I'm not telling you what to do but generally I do not think women should try to fool mother nature. Unfortunately we're much better off just to deal with it.
Ivory Dove

San Antonio, TX

|
Report Abuse
|
Judge it!
|
#10
Feb 13, 2009
 
Gail Perry wrote:
Actually the bioidenticals have been proven to be a very bad combination with breast cancer.
Birth control pills, unlike HRT, are not implicated in breast cancer. In fact they may have some protective effect.
That's comforting to me because I was on Ortho Novum
1/50 for about five years, off and on during the
1970's.
chanelglass

Hayward, CA

|
Report Abuse
|
Judge it!
|
#11
Feb 13, 2009
 
Gail,
You were correct when you said that Women can have energy, and feel good minus Prempro, or other kinds of HRT. I was taking Prempro on and off for two years. I have decided for myself to go on this journey of menopause off Prempro. I feel fine and this is only my opinion.
bioidentical

Sun Prairie, WI

|
Report Abuse
|
Judge it!
|
#12
Feb 13, 2009
 
I don't know where you get your information, but bio-identical has NOT BEEN PROVEN to be a precursor to breast cancer. I am on bioidentical, doses are small, helps tremendously. READ THE BOOKS and the FACTS, before you spew out a bunch of stuff you obviously know nothing about. OLD SCHOOL docs or those not wanting to LEARN about bioidentical are horrible. In med school, most doctors only study OB-Gyn for about 20 hours, that is why they know nothing about bio-identical or understand it, only if the "specialize" in it, do they start to understand the difference between bio-identical and synthetic hormones. I live in Madison WI and the UW-Wisconsin has a group of really great doctors that KNOW bio-identical well and we even have a compounding lab here that works very closely with women on bio-identical replacement. go to www.womenshealthamerica.com you will read a lot of information and get the facts, don't listen to old ladies who are retired in Florida on here that don't understand what bio-identical can really do for you and the great benefits ....
Gail Perry

United States

|
Report Abuse
|
Judge it!
|
#13
Feb 13, 2009
 
Chanel I'm glad things are working out for you I know you've been struggling with this.

I really do have great sympathy for women who have severe menopausal symptoms. When I went on Femara it was like menopause cubed. I chose not to replace my sleep number bed with a waterbed, which is what we had when I went through menopause. For whatever reason, when the air is on, my bedroom gets more cooling than the rest of the place.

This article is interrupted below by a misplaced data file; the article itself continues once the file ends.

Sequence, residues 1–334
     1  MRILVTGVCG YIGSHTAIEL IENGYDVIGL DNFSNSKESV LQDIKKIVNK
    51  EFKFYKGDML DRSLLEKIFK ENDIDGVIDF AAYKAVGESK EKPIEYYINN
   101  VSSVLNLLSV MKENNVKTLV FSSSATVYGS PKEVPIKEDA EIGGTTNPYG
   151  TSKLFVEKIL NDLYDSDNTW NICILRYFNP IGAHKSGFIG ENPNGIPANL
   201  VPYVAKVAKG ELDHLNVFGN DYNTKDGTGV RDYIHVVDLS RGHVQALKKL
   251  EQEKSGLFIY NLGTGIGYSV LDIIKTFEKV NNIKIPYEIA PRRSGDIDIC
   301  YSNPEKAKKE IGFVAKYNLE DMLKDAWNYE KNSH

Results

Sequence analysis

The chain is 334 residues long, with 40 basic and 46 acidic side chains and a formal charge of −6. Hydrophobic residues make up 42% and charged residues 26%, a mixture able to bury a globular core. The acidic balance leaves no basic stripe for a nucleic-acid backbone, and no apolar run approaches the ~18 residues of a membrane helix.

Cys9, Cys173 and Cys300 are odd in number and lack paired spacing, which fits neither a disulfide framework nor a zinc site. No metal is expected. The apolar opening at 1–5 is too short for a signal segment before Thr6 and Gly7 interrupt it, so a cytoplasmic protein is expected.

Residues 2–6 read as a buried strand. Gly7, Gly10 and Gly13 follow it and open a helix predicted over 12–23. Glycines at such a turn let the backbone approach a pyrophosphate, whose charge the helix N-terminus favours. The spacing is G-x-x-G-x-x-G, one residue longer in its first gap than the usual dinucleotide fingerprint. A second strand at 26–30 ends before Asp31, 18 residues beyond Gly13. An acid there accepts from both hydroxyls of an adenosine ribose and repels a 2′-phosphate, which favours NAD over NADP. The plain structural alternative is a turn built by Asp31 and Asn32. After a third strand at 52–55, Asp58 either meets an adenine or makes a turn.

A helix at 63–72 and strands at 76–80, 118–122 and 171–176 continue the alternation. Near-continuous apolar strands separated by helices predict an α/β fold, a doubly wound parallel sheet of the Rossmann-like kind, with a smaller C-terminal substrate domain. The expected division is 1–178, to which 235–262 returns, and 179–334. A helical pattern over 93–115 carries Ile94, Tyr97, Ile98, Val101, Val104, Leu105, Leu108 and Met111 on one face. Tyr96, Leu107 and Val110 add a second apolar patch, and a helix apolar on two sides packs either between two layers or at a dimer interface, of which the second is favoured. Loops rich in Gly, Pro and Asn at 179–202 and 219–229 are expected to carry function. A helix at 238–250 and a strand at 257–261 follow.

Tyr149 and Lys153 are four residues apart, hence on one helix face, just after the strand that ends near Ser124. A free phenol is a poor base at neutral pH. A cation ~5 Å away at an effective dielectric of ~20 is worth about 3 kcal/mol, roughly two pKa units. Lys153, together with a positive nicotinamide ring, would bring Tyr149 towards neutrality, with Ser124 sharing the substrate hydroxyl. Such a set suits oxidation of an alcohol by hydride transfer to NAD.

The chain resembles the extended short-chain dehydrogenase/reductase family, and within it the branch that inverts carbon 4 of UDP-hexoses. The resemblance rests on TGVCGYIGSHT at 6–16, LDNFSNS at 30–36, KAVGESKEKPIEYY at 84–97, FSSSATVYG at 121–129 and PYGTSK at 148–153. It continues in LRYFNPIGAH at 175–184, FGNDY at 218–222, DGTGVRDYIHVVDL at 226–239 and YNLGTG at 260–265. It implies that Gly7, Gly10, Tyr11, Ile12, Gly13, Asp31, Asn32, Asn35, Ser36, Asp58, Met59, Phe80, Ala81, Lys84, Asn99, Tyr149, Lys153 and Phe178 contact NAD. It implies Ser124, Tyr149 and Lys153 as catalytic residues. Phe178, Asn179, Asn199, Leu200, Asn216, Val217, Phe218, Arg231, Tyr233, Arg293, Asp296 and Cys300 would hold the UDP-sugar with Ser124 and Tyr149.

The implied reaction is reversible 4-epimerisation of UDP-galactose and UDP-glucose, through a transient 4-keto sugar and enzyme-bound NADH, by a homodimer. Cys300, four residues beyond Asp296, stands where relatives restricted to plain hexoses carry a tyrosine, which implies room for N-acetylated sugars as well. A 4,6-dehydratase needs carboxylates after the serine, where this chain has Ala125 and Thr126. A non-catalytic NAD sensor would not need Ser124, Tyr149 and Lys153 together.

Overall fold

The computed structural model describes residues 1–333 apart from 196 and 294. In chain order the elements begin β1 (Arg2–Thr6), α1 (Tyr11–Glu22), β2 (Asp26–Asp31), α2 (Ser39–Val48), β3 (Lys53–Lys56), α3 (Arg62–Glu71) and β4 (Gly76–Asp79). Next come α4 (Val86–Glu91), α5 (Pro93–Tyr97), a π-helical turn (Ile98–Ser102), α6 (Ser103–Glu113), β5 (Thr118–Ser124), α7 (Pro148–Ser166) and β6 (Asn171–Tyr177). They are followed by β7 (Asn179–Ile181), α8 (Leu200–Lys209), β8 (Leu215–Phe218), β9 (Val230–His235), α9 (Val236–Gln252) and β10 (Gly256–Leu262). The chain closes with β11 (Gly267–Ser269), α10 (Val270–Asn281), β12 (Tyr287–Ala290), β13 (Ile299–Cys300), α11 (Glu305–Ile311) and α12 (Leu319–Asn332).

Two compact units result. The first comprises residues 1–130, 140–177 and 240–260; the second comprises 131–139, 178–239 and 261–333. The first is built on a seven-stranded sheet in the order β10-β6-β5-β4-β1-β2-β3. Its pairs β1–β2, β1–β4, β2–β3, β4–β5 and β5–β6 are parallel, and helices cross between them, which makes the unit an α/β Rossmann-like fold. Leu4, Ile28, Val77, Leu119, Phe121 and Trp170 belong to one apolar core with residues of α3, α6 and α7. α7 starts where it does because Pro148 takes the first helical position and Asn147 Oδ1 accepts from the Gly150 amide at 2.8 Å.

I'm going to mention the cooling scarve once again because I do a number of activities that I really enjoy but that keep me out of air conditioning. I have also gradually switched my wardrobe over to more cotton and less things like polyester. However, I'm retired. I don't have to wear business attire. I realize not all women can do these things.

I don't know what the solution is, but believe me, no one would want something that could safely be taken more than me.
ddd

Babylon, NY

|
Report Abuse
|
Judge it!
|
#14
Feb 13, 2009
 
bioidentical wrote:
I don't know where you get your information, but bio-identical has NOT BEEN PROVEN to be a precursor to breast cancer. I am on bioidentical, doses are small, helps tremendously. READ THE BOOKS and the FACTS, before you spew out a bunch of stuff you obviously know nothing about. OLD SCHOOL docs or those not wanting to LEARN about bioidentical are horrible. In med school, most doctors only study OB-Gyn for about 20 hours, that is why they know nothing about bio-identical or understand it, only if the "specialize" in it, do they start to understand the difference between bio-identical and synthetic hormones. I live in Madison WI and the UW-Wisconsin has a group of really great doctors that KNOW bio-identical well and we even have a compounding lab here that works very closely with women on bio-identical replacement. go to www.womenshealthamerica.com you will read a lot of information and get the facts, don't listen to old ladies who are retired in Florida on here that don't understand what bio-identical can really do for you and the great benefits ....